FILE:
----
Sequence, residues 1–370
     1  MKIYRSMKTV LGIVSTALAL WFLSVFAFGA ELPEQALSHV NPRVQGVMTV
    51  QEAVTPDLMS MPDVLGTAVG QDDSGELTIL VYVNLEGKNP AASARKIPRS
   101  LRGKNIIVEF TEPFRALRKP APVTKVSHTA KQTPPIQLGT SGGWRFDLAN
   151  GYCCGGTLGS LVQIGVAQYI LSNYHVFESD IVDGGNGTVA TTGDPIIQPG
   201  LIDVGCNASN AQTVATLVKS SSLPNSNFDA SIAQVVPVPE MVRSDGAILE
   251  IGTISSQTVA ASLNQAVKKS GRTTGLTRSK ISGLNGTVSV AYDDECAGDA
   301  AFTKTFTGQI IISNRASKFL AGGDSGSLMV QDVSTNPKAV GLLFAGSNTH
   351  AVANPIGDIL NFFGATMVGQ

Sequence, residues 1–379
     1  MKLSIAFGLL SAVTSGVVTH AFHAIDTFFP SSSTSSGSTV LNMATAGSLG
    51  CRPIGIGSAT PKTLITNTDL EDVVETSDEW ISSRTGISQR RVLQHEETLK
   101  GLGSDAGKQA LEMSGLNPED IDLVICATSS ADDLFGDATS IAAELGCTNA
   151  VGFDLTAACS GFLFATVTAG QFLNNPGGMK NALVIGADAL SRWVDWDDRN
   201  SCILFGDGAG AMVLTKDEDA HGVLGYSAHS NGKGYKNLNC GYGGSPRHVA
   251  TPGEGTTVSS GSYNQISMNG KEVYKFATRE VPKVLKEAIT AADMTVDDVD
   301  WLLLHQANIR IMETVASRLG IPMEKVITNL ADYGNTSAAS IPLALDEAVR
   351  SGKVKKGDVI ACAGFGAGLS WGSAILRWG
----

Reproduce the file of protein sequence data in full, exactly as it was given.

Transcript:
Sequence, residues 1–370
     1  MKIYRSMKTV LGIVSTALAL WFLSVFAFGA ELPEQALSHV NPRVQGVMTV
    51  QEAVTPDLMS MPDVLGTAVG QDDSGELTIL VYVNLEGKNP AASARKIPRS
   101  LRGKNIIVEF TEPFRALRKP APVTKVSHTA KQTPPIQLGT SGGWRFDLAN
   151  GYCCGGTLGS LVQIGVAQYI LSNYHVFESD IVDGGNGTVA TTGDPIIQPG
   201  LIDVGCNASN AQTVATLVKS SSLPNSNFDA SIAQVVPVPE MVRSDGAILE
   251  IGTISSQTVA ASLNQAVKKS GRTTGLTRSK ISGLNGTVSV AYDDECAGDA
   301  AFTKTFTGQI IISNRASKFL AGGDSGSLMV QDVSTNPKAV GLLFAGSNTH
   351  AVANPIGDIL NFFGATMVGQ

Sequence, residues 1–379
     1  MKLSIAFGLL SAVTSGVVTH AFHAIDTFFP SSSTSSGSTV LNMATAGSLG
    51  CRPIGIGSAT PKTLITNTDL EDVVETSDEW ISSRTGISQR RVLQHEETLK
   101  GLGSDAGKQA LEMSGLNPED IDLVICATSS ADDLFGDATS IAAELGCTNA
   151  VGFDLTAACS GFLFATVTAG QFLNNPGGMK NALVIGADAL SRWVDWDDRN
   201  SCILFGDGAG AMVLTKDEDA HGVLGYSAHS NGKGYKNLNC GYGGSPRHVA
   251  TPGEGTTVSS GSYNQISMNG KEVYKFATRE VPKVLKEAIT AADMTVDDVD
   301  WLLLHQANIR IMETVASRLG IPMEKVITNL ADYGNTSAAS IPLALDEAVR
   351  SGKVKKGDVI ACAGFGAGLS WGSAILRWG